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Snowfall warnings issued for mountain passes in B.C.’s Southern Interior, travel discouraged

Road conditions at the summit of the Coquihalla Highway on Saturday morning. Environment Canada is projecting 30 to 40 centimetres of snow between Hope and Merritt this weekend. DriveBC

Environment Canada has issued snowfall warnings for mountain passes in B.C.’s Southern Interior this weekend and is urging extreme caution for anyone with plans for highway driving.

Issued early Saturday, the warnings from the national weather agency stretch from the Fraser Valley through to the Kootenays.

The affected highways include Highways 1, 3, 5 and 97C, with snowfall amounts projected between 20 and 40 centimetres.

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“An unseasonably cool spring storm will deliver significant snow to the high mountain passes of southern B.C.,” Environment Canada said in issuing the warnings.

“Snow will continue today as the system pushes across British Columbia. In the wake of the system on Sunday, intense bursts of flurries will add further accumulations. Gusty winds will reduce visibility in blowing snow, particularly on Sunday.”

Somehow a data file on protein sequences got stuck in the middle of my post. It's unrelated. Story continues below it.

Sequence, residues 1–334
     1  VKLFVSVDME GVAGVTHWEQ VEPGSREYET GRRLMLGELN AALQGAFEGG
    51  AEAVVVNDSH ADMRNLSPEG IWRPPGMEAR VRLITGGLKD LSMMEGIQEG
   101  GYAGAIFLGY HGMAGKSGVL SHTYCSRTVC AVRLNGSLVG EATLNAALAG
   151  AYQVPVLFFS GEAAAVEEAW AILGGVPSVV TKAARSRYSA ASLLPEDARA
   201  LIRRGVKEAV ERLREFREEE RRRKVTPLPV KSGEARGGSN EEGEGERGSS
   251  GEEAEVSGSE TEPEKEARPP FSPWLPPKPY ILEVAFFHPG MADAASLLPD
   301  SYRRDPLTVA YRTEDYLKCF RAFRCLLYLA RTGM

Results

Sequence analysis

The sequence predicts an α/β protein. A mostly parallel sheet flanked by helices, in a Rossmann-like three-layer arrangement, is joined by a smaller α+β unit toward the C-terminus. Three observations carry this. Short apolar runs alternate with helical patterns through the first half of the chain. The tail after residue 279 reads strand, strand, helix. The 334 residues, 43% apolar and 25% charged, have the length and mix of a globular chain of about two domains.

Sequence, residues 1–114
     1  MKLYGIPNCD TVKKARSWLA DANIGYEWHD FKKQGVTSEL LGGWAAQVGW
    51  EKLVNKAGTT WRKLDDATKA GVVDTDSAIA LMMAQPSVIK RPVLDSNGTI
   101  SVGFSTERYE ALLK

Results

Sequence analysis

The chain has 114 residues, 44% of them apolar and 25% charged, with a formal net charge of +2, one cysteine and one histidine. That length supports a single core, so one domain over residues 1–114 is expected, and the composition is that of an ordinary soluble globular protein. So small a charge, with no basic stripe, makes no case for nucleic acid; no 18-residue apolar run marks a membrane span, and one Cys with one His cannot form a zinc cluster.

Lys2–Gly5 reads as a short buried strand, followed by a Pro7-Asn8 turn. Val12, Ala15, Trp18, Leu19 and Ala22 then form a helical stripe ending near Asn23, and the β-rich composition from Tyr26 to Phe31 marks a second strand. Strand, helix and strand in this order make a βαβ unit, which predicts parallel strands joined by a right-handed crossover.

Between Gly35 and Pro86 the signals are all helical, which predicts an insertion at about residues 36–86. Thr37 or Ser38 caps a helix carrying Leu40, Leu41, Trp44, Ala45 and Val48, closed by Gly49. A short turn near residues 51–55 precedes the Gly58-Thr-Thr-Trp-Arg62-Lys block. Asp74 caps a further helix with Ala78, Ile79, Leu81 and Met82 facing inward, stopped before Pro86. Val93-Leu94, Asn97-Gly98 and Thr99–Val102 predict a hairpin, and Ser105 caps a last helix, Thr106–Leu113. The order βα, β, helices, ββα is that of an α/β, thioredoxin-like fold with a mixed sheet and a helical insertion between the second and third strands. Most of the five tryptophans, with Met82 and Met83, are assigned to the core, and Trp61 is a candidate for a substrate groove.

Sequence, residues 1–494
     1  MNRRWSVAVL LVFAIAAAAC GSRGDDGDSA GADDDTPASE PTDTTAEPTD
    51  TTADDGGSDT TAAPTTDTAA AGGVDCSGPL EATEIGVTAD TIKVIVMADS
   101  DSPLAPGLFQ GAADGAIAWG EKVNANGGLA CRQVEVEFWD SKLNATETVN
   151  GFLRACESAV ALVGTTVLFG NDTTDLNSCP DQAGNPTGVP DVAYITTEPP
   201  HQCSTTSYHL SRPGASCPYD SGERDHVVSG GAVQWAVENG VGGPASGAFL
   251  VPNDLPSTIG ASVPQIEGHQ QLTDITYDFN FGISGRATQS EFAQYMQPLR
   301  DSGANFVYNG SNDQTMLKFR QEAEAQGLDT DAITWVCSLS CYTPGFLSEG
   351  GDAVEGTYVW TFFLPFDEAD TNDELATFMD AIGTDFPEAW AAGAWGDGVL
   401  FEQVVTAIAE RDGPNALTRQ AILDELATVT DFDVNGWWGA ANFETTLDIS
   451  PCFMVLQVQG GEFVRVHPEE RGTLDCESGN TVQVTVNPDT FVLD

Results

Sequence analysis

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It added that snow levels will be unseasonably low, hovering between 1,100 and 1,400 metres, and that a transition from rain at the lower elevations to heavy snow near the passes will make for adverse winter driving conditions.

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“Motorists are encouraged to consider delaying travel plans until early next week when the snow will ease in the mountains.”

“Drivers should be prepared for winter driving conditions and are reminded that winter tires are mandatory until April 30.”

For the Trans-Canada Highway and Highway 3, 20 to 30 cm of snow is expected for Rogers Pass and Kootenay Pass.

For the Coquihalla Highway, from Hope to Merritt, that stretch of road could see 30 to 40 cm.

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“Snow will fall today at the highest elevations, but will fall in earnest beginning tonight,” said Environment Canada

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“As a cold front sweeps across the province on Sunday, an unsettled air mass will result in brief but intense bursts of flurries over the highways with sudden reduction in visibility due to heavy snow.”

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